Writing For Money

The Internet Newsletter That Shows You How To Make Money And Live A Great Life As A Freelance Writer


Business Tactics


Take a Course … Even Better, Teach One!


BY ROBERT W. BLY | Let me admit it up front: I’m a seminar nut. I love information, especially in books, magazines, special reports, newsletters, audio tapes, the Web, seminars, and classes.


Why continue to take classes into your old age, way past the time you are required to go to school? Aside from learning for the pure pleasure of it, a writer trades basically in words and knowledge. Classes add data to your knowledge base which you can then resell in various writing projects.


Increasingly, clients and editors look for specialists. Getting a degree or certificate can be a value-added credential that makes potential customers choose you instead of other writers they’re talking with. If you serve clients in the medical emergency services business, for example, get yourself certified in CPR.


Seminar leaders and other teachers you get to know while taking their classes can turn out to be good expert sources you can interview for various articles. And the information they convey may spark ideas for additional projects. For instance, my taking a course in “Careers in Music” led to the idea for my book on glamorous careers — Creative Careers (John Wiley & Sons).


Writers are communicators, so instead of just taking classes, we can teach them too — also for fun and profit. In fact, with fees for speakers ranging from $100 to $4,000 a day, teaching writing or your subject specialty often pays better than doing the writing itself.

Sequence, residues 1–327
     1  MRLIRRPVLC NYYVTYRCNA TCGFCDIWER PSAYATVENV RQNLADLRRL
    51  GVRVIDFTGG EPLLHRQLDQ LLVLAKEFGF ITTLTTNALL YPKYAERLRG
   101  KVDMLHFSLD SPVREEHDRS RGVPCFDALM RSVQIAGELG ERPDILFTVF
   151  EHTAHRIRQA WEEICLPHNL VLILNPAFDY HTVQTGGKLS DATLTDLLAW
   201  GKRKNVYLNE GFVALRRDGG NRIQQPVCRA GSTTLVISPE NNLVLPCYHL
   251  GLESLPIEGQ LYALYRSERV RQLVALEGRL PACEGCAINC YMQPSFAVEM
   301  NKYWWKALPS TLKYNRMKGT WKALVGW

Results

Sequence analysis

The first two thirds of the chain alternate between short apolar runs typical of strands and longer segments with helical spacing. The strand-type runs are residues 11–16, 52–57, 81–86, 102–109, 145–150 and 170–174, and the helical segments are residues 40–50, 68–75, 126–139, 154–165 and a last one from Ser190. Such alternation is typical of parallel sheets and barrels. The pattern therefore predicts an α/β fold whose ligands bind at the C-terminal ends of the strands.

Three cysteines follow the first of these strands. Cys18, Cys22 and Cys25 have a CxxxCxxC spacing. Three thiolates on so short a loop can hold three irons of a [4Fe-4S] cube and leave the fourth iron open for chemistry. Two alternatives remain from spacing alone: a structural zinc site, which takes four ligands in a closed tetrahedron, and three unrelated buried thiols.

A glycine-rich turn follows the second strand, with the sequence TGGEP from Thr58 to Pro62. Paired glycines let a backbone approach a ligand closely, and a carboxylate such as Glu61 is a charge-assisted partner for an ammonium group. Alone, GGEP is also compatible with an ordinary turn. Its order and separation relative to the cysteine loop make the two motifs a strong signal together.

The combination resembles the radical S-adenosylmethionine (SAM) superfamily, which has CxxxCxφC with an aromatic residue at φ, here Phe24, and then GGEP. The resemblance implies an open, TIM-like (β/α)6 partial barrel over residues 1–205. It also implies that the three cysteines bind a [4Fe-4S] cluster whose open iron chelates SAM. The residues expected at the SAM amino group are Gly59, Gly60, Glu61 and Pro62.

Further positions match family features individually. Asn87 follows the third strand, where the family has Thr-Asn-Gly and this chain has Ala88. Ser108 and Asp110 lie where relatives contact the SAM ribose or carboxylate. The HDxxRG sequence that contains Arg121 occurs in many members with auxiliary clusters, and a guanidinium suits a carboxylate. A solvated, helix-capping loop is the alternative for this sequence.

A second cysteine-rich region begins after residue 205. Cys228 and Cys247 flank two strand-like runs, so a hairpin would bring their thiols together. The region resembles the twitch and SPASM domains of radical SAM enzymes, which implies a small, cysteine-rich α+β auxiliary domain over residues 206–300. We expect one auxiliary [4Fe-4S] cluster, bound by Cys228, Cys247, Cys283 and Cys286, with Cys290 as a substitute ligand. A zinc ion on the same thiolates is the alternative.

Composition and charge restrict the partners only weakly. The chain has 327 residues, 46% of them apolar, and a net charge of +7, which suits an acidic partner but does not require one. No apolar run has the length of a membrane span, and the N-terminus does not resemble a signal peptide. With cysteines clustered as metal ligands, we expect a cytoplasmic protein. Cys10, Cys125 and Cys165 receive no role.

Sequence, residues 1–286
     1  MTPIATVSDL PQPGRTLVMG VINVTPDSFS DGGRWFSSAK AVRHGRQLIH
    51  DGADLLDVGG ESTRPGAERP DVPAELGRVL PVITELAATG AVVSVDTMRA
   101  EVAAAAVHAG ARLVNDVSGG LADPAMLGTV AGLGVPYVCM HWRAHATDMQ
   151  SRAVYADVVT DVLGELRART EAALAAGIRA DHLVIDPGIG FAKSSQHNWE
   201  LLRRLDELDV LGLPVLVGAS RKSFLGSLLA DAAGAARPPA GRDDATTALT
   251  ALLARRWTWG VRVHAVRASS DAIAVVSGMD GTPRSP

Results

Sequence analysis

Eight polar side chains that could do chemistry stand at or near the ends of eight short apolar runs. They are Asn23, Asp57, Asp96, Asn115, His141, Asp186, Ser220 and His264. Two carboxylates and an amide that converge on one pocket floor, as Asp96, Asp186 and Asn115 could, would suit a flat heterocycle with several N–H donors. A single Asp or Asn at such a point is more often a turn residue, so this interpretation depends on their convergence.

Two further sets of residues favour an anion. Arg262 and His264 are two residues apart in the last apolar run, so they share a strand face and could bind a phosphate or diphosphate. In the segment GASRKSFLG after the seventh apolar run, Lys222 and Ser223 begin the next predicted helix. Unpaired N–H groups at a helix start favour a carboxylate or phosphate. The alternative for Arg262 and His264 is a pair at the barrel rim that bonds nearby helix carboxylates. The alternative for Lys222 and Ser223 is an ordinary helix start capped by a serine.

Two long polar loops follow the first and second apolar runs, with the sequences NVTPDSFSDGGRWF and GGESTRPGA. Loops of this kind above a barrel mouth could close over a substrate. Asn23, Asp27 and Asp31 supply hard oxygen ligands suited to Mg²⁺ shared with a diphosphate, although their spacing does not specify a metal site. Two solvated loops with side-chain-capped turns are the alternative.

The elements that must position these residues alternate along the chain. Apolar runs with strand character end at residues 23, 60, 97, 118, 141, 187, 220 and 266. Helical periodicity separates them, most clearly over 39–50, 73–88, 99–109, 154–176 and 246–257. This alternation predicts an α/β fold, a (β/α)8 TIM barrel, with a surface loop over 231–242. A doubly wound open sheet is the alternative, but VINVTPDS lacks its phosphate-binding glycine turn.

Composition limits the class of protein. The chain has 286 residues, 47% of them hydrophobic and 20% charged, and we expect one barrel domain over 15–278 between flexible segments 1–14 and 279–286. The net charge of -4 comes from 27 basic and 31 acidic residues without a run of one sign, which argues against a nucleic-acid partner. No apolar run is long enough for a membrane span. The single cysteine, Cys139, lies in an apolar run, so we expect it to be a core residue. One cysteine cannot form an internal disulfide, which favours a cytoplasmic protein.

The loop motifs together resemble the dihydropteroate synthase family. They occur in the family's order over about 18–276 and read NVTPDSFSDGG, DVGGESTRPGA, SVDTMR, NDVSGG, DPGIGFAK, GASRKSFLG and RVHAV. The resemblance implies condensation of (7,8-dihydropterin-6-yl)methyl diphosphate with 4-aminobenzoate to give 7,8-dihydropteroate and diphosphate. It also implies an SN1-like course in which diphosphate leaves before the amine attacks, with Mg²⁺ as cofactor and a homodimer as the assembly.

Who will pay you to teach? In the corporate world, many executives will tell you their employees are poor writers. This has created a steady demand for in-house corporate seminars in business writing, technical writing, proposal writing, grammar, and related topics.


If you write on a subject of interest to businesspeople — stress reduction, time management, leadership, success, selling, management, interpersonal skills, desktop design, the Internet — you may find a ready market for in-house corporate training seminars on these topics as well.


Contact corporations and offer your services as a seminar leader. Write to training managers. Or call vice presidents, supervisors, and department managers whose employees may need improvement in writing or other skills. Prepare an outline of your course and a biography highlighting your credentials to send prospective clients who request more information. Design these materials so they can be faxed or e-mailed if there is immediate interest. If demand builds and inquiries come pouring in, consider registering a domain name and posting these seminar descriptions on your own Web site.


Another market for your seminars and talks is writers and wanna-be writers. Aspiring writers in particular want you to reveal the secrets of how to get published. They also want help becoming better writers.


Every writer has marketing and sales skills within his or her specialty or markets — and you can share these with other writers for a profit. For instance, if you are successful writing annual reports, can you teach other writers how to get these lucrative assignments? Or can you give a half day seminar on how to make money editing medical monographs for doctors and pharmaceutical companies?